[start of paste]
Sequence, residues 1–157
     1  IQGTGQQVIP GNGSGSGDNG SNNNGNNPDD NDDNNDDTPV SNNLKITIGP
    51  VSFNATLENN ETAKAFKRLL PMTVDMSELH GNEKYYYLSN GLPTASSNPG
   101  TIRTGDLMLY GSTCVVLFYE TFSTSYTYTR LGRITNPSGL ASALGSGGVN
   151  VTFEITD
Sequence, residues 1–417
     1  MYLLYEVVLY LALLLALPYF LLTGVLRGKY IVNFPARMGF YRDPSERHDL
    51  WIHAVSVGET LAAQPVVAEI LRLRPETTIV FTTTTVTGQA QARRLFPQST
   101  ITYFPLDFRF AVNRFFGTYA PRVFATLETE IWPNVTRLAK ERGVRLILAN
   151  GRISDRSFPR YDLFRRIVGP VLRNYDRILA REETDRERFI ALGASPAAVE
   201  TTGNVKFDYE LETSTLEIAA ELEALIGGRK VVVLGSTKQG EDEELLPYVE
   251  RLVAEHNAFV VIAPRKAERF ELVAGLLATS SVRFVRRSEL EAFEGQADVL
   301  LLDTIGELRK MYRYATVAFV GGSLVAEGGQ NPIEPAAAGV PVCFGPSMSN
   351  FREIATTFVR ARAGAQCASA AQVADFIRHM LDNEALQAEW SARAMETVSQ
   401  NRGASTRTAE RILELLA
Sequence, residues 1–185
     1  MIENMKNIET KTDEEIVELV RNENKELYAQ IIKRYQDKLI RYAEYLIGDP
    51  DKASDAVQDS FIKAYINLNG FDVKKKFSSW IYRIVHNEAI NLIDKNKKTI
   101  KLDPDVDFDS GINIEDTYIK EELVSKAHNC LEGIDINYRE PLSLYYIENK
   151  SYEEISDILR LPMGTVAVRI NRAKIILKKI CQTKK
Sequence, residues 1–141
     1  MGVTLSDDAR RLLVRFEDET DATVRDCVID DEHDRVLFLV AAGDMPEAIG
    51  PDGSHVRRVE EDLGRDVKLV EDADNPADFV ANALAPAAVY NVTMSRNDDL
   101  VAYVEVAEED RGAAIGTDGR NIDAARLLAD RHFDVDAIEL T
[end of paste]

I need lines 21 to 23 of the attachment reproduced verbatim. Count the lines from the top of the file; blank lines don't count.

Sequence, residues 1–141
     1  MGVTLSDDAR RLLVRFEDET DATVRDCVID DEHDRVLFLV AAGDMPEAIG
    51  PDGSHVRRVE EDLGRDVKLV EDADNPADFV ANALAPAAVY NVTMSRNDDL